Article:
A review of — and a response to — Brent Luvaas’ Shooting Street Style in Indonesia: A Photo Essay.
Fashion is a means of self-expression, and the internet has helped both societies and individuals communicate/showcase (to entities existing outside of their in-groups) their distinct sartorial artefacts and the set of meanings attached to said artefacts. Street style blogs have emerged as a popular form of documenting commonplace, everyday fashion — strangely enough, though, by photographing people who stand out from the crowd and are then, on the internet, made to represent the popular dressing style of their geographic/cultural community.
Fashion is a form of visual storytelling that contains information about the history of a people. The socio-economic history of a culture is reflected in its popular fashion. To borrow examples from women’s fashion: first-wave feminism gave birth in Europe to androgynous silhouettes and raised hemlines; the Great Depression saw the Americans take a more conservative approach to fashion and opt for cheaper fabrics and simple/unglamorous silhouettes, while the period following it brought with it Dior’s “New Look”: cinched waists and full skirts that rebelled against the erstwhile plain fashion that economic poverty had forced upon the American people. These aesthetics emerged from a specific geographic location but spread throughout the world because the boundaries of cultures are porous and prone to incorporating meanings from outside into their own language. Fashion therefore tells us about how people respond sartorially to the events/ideologies of their times.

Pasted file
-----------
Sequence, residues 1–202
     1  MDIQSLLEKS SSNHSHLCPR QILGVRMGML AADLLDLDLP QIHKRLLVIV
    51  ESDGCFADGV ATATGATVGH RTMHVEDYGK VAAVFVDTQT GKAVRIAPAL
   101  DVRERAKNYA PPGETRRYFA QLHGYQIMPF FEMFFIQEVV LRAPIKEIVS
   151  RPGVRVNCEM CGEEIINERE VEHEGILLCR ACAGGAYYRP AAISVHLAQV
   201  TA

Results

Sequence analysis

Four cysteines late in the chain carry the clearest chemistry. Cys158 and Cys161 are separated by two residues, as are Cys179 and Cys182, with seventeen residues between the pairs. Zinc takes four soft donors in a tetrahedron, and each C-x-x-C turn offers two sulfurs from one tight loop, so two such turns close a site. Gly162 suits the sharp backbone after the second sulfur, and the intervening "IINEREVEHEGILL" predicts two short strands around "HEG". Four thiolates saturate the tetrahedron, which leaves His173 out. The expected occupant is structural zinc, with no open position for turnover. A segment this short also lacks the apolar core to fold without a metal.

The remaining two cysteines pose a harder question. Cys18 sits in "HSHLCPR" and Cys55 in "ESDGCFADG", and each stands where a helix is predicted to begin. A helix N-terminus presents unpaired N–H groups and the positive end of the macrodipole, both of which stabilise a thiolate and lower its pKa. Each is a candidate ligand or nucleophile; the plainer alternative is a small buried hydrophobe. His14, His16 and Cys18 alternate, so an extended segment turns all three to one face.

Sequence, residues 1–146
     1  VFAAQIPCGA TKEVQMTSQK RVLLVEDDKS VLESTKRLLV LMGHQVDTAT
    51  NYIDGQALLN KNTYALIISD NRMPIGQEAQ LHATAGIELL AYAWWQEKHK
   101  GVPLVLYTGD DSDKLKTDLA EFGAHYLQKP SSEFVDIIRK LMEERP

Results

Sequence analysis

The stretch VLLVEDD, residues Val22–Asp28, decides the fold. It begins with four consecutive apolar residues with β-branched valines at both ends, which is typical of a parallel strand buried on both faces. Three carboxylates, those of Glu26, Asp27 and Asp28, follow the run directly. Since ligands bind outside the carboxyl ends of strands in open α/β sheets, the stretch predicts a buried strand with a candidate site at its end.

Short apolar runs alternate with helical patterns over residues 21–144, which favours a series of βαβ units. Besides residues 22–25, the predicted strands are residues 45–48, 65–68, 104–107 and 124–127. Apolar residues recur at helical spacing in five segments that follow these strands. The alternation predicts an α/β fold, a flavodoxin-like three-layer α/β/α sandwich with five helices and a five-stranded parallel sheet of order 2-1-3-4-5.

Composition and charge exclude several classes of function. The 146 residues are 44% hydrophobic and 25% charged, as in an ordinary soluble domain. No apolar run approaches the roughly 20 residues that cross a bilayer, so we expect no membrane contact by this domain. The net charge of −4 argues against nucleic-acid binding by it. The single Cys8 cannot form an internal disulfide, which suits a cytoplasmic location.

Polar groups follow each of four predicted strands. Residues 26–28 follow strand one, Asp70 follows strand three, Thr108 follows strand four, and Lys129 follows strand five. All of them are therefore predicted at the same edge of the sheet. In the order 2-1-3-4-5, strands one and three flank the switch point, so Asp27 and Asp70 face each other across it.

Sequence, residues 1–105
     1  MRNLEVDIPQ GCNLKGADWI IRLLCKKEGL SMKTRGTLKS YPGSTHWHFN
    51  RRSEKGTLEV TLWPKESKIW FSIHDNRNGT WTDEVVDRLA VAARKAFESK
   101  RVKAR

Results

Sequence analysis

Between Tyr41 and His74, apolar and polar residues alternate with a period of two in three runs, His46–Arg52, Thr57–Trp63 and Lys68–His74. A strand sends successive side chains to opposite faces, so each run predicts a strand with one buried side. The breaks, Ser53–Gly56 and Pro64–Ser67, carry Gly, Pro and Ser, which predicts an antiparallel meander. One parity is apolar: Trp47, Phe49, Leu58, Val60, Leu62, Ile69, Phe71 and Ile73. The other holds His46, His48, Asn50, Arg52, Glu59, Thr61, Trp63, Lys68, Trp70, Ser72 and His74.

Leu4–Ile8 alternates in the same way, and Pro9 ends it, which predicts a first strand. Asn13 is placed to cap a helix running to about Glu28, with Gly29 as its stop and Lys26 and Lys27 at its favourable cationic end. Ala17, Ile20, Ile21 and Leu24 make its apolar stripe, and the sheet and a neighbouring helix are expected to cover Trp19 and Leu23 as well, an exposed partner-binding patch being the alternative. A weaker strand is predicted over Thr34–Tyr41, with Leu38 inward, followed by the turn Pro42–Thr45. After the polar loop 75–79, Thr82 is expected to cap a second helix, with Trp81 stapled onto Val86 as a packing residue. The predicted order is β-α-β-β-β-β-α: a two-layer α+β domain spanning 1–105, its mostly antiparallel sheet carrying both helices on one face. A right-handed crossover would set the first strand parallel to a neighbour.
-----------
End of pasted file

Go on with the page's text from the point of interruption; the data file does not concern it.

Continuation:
Street style blogs are of interest because
a) they document fashion as it exists outside of the hegemony of fashion houses, — and so, for the first time in history, the ordinary individual has been allowed to narrate the story of their times,
b) they are accessible to a wide variety of audience online, and
c) they hand over the power to document history and influence/create culture to anyone who would wish to take it.
Luvaas examines why, despite a deep penetration of the internet and a widespread interest in other kinds of fashion blogs, the street style of Indonesia remains largely undocumented online. He asks if street style is to be confined to the “streets”, and if “coolness” is an attribute that translates well across non-Western languages. His subjects are diverse and their class positions and religious affiliations are apparent from their style. He also talks about how individuals express themselves inside of the constraints imposed on them by citing the example of the hijab and how it has both informed and been informed by other articles of clothing.